With repertoire from composers such as Tchaikovsky, Grieg, Mozart, and of course the legendary John Williams, this was a stimulating evening for both orchestra and audience.

Richard Davis travelled to Townsville two weeks before the performance to work on style, tempos and technique with the local musicians.  In the final week, Davis again directed rehearsals and was joined by a group of principal players to attend final rehearsals and direct tutorial sessions. The program was very well received by audience and community musicians alike, with a great turnout at the Townsville Civic Theatre. This model of connecting with local communities is one the Orchestra aims to introduce into other Queensland communities in coming years.

2018 was a wonderfully positive year of performances and regional touring with more than 20,000 people attending regional performances and education activities and over 15,000 people attending free performances. 17,254 school students participated in regional activities and 10,553 people attended education activities, community events and performances in Brisbane.

When music matters – the political image of an orchestra

The Christmas Truce of 1914 depicted in Kevin Puts’ opera, Silent Night


I’ve been wondering how much classical music is suitable for political occasions. One Friday evening in July 2017, German Chancellor Angela Merkel hosted world leaders of the G20 to a performance of Beethoven’s Ninth Symphony at Hamburg’s Elbphilharmonie. Why? Partly because Beethoven’s Ninth is an important artifact of German history, but also, according to a German government spokesman quoted by CNN at the time, because its last movement, the choral setting of German poet Friedrich Schiller’s 1785 Ode to Joy, is ‘a hymn to humanity, peace and international understanding’. Leaving aside the fact that Beethoven’s Ninth has been co-opted by regimes of various stripes (its tune, but tune only, formed the basis of Rhodesia’s national anthem for a few years), my first reaction on hearing of this political use this was, ‘Always Beethoven’s Ninth?’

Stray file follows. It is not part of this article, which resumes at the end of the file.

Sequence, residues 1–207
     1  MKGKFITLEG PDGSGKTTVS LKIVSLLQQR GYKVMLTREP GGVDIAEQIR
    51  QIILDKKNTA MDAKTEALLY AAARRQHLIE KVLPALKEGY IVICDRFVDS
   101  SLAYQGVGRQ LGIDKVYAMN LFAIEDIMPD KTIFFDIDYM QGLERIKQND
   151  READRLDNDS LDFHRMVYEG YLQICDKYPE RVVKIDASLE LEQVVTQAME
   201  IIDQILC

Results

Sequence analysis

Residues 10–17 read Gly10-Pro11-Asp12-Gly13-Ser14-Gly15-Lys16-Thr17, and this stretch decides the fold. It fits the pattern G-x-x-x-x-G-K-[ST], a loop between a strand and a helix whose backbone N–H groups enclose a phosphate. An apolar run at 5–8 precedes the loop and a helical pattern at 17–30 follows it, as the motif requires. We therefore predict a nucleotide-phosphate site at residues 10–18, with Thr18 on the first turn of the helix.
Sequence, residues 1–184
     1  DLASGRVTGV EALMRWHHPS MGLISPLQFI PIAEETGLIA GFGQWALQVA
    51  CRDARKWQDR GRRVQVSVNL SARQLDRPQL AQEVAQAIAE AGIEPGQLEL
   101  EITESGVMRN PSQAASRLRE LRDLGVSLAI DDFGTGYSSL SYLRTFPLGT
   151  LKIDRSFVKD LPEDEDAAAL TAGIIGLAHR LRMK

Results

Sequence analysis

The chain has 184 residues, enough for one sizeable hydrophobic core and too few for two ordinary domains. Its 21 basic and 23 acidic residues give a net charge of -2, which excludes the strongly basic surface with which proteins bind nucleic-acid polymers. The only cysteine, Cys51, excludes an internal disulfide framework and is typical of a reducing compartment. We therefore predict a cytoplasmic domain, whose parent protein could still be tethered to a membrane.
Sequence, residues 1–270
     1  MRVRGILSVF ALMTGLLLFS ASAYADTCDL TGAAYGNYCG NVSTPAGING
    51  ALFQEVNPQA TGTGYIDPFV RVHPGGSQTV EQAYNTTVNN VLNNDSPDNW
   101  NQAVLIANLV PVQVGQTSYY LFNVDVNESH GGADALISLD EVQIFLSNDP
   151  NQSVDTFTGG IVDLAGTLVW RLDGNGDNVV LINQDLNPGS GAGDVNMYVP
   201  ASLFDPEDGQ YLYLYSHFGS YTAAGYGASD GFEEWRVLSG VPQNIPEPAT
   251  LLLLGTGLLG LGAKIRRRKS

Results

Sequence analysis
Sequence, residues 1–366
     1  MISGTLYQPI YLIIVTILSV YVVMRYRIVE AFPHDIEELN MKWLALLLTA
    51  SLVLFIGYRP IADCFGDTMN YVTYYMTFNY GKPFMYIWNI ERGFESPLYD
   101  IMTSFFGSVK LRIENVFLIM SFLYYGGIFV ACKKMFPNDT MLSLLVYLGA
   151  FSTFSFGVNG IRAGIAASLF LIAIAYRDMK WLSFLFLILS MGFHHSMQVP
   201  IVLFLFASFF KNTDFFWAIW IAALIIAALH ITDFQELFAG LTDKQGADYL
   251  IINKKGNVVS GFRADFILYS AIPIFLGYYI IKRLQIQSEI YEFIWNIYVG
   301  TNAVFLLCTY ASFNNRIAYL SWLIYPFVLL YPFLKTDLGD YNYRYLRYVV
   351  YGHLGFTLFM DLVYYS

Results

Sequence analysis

Off the top of my head, I thought of Leonard Bernstein conducting the ‘Ninth’ in Berlin when the Wall came down in 1989 and substituting ‘Friede’ (freedom) for ‘Freude’ (joy), or Chinese students broadcasting it from Tiananmen Square. As Natalie Nougayrède wrote in The Guardian on 8 May last year, ‘It was no coincidence that the music [French president-elect] Emmanuel Macron chose to accompany him, as he walked in victory through the Louvre esplanade on Sunday night, was Beethoven’s Ode to Joy, the official anthem of the European Union.’

In 1936, Pablo Casals and his Barcelona musicians insisted on continuing with their rehearsal of the ‘Ode to Joy’ when they heard that fascist troops were closing in on them. You could say that the Ninth’s stature has been forged in the crucible of war. But I wonder if Beethoven’s Ninth is the limit of classical music’s ability to participate in political discourse?

I can’t help contrasting this situation with what seems to apply in popular music. Given my vintage, I think of the wealth of music and musicians such as Bob Dylan and Joan Baez associated with an anti-Vietnam War stance in the 1960s. I think of George Harrison’s Concert for Bangladesh. And Live-Aid. Were any symphony orchestras invited to take part in those mega-events? What would they have played? These days there’s the whole phenomenon of political hip-hop venturing into subjects such as domestic violence, teenage pregnancy, or the Iraq war. I even recently saw old video of Frank Sinatra and Sammy Davis Jr singing the 1927 hit Me and My Shadow on TV and wondered if the producers of that show in the 1960s were making a subtle point about Civil Rights as Sinatra and Davis followed each other playfully across stage, reversing direction at the ends of phrases so that first Davis followed Sinatra, then Sinatra followed Davis.

It has made me wonder if there is much of a political dimension to classical music. But of course there is.